Colour Kindle, anyone? Yes, we thought that would mean the arrival of the Kindle Fire over here, but the inevitable Taiwanese contract-manufacturer moles say, no, it's a colour e-ink device with a multi-touch sensor overlaying the display.
ReviewRound and round we go the video format bush. First you recorded it off the telly. Then you bought it on VHS. Finally, you acquired a perfectly brilliant version on DVD. And now, finally again, Sony Pictures has found yet another way for you to part with your money for the love of Monty Python and the Holy Grail.
Euro channel insightAn admission to start with. As some of you will know I have a soft spot for HP, this is based on being a former employee at the company. I joined when the LaserJet One was in full swing and the LaserJet Two was just starting to be sold.
British cyber-cops have arrested a third suspected member of the infamous TeaMp0isoN hacker crew.
The 7.85in iPad will sport a "retina" display after all, it has been claimed, but will still come in at $200-250 retail.
Far from being a mere staple of science fiction, plenty of flying cars really do exist, we're told. But there's one problem: hardly anyone knows how to fly them.
Facebook's IPO is already oversubscribed with too many investors eyeing up more shares than those available, according to a well-placed source.
PollThe moment has arrived for you, our beloved cinemagoing readers, to vote for the worst movie never made.
Sony shares dropped to a 30-year low on the Tokyo Stock Exchange today after reporting a record loss of $5.7bn.
HP Software is taking its global managed service provider programme back to the drawing board after admitting that it is unworkable at a country level.
Yahoo! CEO Scott Thompson has said that the fuss over his CV and the computer science degree that never was is totally not his fault - because he never gave the web firm his résumé or told them what qualifications he had.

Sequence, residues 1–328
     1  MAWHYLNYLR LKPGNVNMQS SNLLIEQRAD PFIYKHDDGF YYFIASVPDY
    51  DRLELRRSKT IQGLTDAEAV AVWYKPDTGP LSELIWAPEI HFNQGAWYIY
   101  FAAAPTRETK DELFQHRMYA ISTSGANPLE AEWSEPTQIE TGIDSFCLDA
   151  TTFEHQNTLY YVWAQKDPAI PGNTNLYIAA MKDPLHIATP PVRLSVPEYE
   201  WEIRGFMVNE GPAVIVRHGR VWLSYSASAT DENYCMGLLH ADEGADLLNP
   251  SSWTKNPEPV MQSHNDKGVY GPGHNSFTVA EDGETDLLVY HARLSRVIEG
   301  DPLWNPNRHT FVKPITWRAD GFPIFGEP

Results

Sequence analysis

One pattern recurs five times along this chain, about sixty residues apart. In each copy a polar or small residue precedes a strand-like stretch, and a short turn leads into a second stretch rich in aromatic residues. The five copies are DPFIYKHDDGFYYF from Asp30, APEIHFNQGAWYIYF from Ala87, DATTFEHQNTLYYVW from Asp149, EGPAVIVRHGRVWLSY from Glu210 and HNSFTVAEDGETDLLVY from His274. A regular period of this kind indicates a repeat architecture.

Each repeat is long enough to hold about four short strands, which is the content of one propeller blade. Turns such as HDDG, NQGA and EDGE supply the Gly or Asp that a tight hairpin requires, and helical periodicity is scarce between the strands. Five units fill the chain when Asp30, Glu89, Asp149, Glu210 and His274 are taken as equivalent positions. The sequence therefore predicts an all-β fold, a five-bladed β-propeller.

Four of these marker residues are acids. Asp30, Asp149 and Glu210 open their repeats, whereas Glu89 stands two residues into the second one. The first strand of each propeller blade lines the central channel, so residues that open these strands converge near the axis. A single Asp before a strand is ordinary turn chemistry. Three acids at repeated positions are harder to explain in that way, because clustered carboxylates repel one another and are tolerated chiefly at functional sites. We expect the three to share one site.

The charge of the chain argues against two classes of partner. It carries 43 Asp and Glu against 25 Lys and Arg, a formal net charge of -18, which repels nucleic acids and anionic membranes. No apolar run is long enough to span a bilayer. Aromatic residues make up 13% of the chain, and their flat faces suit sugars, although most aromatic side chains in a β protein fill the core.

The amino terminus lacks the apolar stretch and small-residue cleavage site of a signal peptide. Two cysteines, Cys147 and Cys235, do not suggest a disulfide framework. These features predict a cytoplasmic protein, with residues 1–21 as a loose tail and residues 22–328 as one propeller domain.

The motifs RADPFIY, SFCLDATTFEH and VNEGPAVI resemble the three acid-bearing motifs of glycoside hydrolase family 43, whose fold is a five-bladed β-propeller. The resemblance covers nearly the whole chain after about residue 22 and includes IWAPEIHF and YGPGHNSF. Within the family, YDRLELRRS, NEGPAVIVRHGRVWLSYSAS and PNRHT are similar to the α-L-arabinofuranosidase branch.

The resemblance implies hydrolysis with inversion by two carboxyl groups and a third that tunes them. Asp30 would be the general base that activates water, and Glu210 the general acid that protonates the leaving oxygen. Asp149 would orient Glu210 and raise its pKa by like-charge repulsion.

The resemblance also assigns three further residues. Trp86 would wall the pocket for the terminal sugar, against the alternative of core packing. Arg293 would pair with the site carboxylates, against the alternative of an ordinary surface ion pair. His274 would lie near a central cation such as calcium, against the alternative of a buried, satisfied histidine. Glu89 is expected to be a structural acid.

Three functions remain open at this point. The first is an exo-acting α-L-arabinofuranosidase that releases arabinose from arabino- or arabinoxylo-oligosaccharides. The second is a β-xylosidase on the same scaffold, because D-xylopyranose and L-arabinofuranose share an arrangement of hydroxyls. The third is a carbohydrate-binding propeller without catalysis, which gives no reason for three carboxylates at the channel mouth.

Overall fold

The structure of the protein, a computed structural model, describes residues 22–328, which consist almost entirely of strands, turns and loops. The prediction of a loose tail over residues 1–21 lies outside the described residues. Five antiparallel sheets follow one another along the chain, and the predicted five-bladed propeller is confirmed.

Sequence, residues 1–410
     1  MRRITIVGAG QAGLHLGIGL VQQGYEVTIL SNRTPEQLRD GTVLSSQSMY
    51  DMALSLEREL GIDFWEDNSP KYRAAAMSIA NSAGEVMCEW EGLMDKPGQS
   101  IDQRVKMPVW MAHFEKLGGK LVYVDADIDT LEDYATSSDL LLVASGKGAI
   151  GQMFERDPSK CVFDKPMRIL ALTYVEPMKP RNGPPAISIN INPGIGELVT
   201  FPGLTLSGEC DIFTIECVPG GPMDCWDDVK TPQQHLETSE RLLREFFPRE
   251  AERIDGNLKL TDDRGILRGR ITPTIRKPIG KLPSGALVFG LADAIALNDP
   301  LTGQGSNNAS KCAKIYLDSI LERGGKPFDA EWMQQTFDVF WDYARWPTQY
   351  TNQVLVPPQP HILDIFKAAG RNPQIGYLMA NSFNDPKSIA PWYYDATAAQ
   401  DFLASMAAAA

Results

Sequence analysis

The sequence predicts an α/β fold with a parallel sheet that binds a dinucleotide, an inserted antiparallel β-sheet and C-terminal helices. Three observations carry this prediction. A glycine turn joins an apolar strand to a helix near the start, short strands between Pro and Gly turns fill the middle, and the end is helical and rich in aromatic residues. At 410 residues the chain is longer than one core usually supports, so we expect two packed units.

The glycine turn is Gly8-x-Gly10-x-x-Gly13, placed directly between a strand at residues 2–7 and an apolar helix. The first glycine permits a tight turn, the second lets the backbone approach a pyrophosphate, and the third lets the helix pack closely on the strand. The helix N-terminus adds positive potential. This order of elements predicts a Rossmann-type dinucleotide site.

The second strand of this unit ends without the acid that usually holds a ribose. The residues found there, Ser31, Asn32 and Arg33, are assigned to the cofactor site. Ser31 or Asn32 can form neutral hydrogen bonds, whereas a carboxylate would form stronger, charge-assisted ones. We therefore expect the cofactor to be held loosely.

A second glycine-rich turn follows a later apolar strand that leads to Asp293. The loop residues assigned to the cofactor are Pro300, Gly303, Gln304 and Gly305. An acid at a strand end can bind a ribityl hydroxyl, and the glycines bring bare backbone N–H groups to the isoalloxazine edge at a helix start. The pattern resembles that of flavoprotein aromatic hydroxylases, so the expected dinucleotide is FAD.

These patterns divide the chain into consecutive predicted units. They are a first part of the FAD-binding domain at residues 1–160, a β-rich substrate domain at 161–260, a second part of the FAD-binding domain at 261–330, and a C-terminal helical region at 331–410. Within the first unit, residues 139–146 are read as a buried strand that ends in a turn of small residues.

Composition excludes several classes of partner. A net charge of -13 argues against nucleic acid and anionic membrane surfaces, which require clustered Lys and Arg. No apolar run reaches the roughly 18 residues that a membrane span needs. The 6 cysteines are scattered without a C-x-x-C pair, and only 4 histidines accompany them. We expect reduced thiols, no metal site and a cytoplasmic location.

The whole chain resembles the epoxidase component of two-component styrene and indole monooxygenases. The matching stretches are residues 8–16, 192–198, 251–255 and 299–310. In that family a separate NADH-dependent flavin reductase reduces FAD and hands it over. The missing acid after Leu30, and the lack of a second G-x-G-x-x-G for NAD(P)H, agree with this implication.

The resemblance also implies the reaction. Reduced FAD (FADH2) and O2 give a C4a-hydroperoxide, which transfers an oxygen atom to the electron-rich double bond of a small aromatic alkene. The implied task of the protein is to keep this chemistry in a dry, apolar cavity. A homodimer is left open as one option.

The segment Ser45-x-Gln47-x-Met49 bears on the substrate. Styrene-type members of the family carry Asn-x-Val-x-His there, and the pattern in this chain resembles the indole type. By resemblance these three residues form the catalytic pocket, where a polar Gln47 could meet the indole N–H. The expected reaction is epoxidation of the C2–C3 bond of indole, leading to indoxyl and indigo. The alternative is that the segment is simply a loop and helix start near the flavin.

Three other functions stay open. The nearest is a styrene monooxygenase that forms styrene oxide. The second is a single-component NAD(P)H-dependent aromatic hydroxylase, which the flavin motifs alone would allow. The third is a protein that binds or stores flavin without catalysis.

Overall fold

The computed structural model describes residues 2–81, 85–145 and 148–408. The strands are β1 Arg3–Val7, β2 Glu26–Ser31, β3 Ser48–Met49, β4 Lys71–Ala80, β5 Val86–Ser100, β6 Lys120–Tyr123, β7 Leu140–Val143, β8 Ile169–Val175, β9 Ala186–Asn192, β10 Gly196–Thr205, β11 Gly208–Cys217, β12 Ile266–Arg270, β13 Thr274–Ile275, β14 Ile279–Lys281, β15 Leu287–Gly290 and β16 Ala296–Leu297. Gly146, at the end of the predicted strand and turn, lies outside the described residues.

A top UK court has ruled that Nokia's old 3G handsets infringed a telecoms patent owned by technology warehouse IPCom, which wants a ban on every mobile made by the Finns.
RM has offloaded its loss-making classroom furniture biz ISIS Concepts to its former owner and current managing director Nick Topliss for £205,000.
Samsung announced its latest offering based on the Windows Phone platform today, the Omnia M, a low-end alternative for those who want Microsoft's tile UI, but don't fancy one of Nokia's budget Lumia.
Lenovo is recalling another 15,000 All-In-One desktops due to concerns about over-heating and potential fire hazards, taking the tally to 188,000.
Whiptail, the flash array startup from Whippany, New Jersey, has boosted and renamed its XLR8r flash array, and launched a 72TB flash storage monster called INVICTA.
With Rovio's Angry Birds hitting the billion-download mark recently, the Finnish developer has turned its attention to its next mobile game, revealed this week as Amazing Alex.
Access control biz BeyondTrust has acquired vulnerability management vendor eEye Digital Security. The financial terms of the deal, announced on Thursday, were not disclosed.
Following a slump in sales of its disk drive array drawers, Xyratex is moving into clustered and converged compute, storage and networking HPC racks, with Cray as a lead customer.
Amnesty International UK's website was hacked early this week in an assault ultimately geared towards planting malware onto the PCs of visiting surfers.
AppSense figured out that managing users was a headache long before virtual desktop infrastructure became a possibility for enterprises. The company has spent the last decade evolving user management tools that spanned many different kinds of systems and application virtualization layers, such as the Citrix Presentation Server (now XenApp) and Microsoft App-V, as well as physical Windows servers. But as is the case with all software; it can always be made easier to use and faster to deploy as well as expanded into new areas of relevancy.
HPC blogOne of my very favorite industry events is coming up next week: the NVIDIA-organised GPU Technology Conference, aka GTC 2012. I’ve been in the tech industry for almost 20 years; roughly half that time was spent working for The Man in vendor firms, and the other half at my own boutique industry analyst firm. Not surprisingly, I’ve been to a lot of vendor-sponsored conferences. I’ve helped organise some and have had speaking slots at quite a few, so I know the drill.
Egenera, the virtualized server infrastructure pioneer, has certified its PAN Manager control freakery to run on IBM's BladeCenter blade servers.
SpaceX has signed a partnership deal with Bigelow Aerospace (BA) to offer a taxi service to and from the inflatable habitats BA intends to put into orbit.
Eduardo Saverin, a co-founder of Facebook, has abandoned his American citizenship ahead of the social networking company's possibly oversubscribed IPO in May.